Northern Ireland news

Funding for GAA coaching scheme in schools due to run out

Money for the scheme is due to run out in October

FUNDING for a GAA coaching scheme in schools will run out within weeks – and it is feared that more money can only be approved by a minister.

There are concerns about the future of the Curriculum Sports Programme, which involves Gaelic and soccer coaches visiting primary schools. It has been running for a decade and thousands of children have taken part.

Extra money to save the scheme has been found twice since the collapse of the executive in January last year.

But with money due to end next month, the Department of Education has said it needs a minister to approve any continuation.

Ulster GAA provides 25 coaches, and the Irish FA 28, to work with about 450 schools a year. About £1.3 million has been spent by the department annually.

The programme was provided under contract by the GAA and Irish Football Association (IFA) and the department invested more than £10m since it first launched.

Overall budgets are being slashed across the system, meaning cuts must be made.

Pressures on the education budget in 2017/18 meant the programme only survived when extra cash was found through monitoring rounds.

Money was originally due to end in October last year but department civil servants approved an extension until March this year, even though there was no minister in place.

In March the department advised Ulster GAA and the IFA that it was providing £750,000 for the continued delivery of the programme until the end of next month, again without ministerial approval.

A recent High Court ruling cast doubt on major decisions being taken by civil servants.

In May a judge said a senior official had no legal power to approve a new £240m waste incinerator following the collapse of devolution.

Planning permission was granted last September for the controversial Hightown facility on the outskirts of north Belfast after the Department for Infrastructure said it was in the public interest. 

However, Mrs Justice Kee-gan said she did not consider that “parliament can have intended that such decision-making would continue in Northern Ireland in the absence of ministers without the protection of democratic accountability”.

The ruling placed question marks over projects still in the pipeline.

SDLP MLA Justin McNulty, an All-Ireland winner with Armagh, said the department would be unable to deliver the programme without a minister to allocate funding.

The department suggested it was not as straightforward.

The 2018/19 budget strategy, it said, was developed in the context of an extremely challenging financial position and the available funding was focused on core services of early years, youth services and schools.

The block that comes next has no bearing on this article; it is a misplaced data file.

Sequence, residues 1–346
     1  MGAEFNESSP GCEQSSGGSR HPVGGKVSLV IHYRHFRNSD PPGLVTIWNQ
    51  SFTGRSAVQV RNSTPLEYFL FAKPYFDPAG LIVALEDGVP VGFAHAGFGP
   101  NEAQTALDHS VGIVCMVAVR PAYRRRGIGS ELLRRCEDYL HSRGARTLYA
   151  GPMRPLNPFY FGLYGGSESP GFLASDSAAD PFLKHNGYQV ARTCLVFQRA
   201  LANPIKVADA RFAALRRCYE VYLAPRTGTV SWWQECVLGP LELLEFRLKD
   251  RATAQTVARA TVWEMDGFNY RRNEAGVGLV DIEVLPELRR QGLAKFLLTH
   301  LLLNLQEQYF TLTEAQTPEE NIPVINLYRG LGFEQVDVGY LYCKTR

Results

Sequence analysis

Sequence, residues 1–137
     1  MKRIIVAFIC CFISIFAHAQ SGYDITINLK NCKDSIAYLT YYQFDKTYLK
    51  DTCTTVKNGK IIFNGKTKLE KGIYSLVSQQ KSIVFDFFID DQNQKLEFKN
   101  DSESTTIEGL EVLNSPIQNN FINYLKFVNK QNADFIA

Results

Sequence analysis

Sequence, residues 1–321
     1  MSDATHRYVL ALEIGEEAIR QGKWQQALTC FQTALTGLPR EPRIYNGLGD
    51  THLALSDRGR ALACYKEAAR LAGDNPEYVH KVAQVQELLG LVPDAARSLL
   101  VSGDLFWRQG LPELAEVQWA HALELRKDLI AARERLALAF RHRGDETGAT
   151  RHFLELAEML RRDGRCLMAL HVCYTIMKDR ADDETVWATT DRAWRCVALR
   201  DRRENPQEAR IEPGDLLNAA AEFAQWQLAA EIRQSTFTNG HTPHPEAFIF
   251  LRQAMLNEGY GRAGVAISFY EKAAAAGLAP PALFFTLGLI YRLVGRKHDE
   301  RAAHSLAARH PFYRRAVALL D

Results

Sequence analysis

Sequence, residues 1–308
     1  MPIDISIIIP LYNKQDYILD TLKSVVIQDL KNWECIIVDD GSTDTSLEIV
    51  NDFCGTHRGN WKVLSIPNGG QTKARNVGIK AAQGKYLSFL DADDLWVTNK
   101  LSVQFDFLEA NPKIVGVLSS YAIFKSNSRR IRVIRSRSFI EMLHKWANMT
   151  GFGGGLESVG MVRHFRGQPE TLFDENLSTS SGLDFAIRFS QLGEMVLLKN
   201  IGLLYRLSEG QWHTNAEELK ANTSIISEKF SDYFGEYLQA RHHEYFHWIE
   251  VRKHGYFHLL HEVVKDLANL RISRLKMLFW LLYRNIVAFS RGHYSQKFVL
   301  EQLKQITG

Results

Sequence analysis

It said £750,000 was made available for the continued delivery of the programme until the end of next month.

“This was to give the department the opportunity to consider its future priorities in relation to physical education in primary schools, particularly in the context of the need to address rising levels of childhood obesity and type 2 diabetes,” a spokeswoman said.

“This work is being progressed in collaboration with colleagues in other departments and is still at an early stage. Seven hundred and fifty thousand pounds is all that is available for the programme this financial year.

“Providing more funding would mean equivalent cuts to some other area of the department’s programmes. Over recent months Department of Education officials have engaged with both the IFA and Ulster GAA to explore various options for using the funding available in 2018/19, including extending the timeframe for delivery of the programme beyond October.”

Mr McNulty said the programme was of immeasurable value.

“The project seeks to develop skills, raise confidence and self-esteem and the motivation to help children and young people learn other curriculum areas cannot be overstated. The programme also goes some way in helping prevent obesity, type 2 diabetes and mental ill health,” he said.

“It was confirmed that the revenue generated from the soft drinks levy could have been invested into a new cross-departmental policy to tackle issues of obesity and type 2 diabetes. However, without a minister in place to hypothecate this action, this cannot happen and the Curriculum Sports Programme is not guaranteed to continue past October due to lack of allocated funding.

“This is another horrific example of the collateral damage of the ongoing political deadlock.”

Sinn Féin assembly member Sinéad Ennis called for a cross-departmental approach to ensure school children could continue to avail of the programme.

The party’s culture, arts and sports spokeswoman also said a significant number of jobs were at risk.

“Any cut under this Tory/DUP budget would have a severely damaging impact on sporting projects within our local schools and to the tens of thousands of children who practically benefit from this funding," she said.

“There should be a cross-departmental approach to ensuring that school children can avail of the Curriculum Sports Programme and I would urge the department to apply for in year funds in the October and January monitoring rounds."


 

The Ulster Council said: “Ulster GAA and The Irish Football Association, with the support of political representatives, are in discussions with the department in relation to the funding of the Curriculum Sports Programme.”

 

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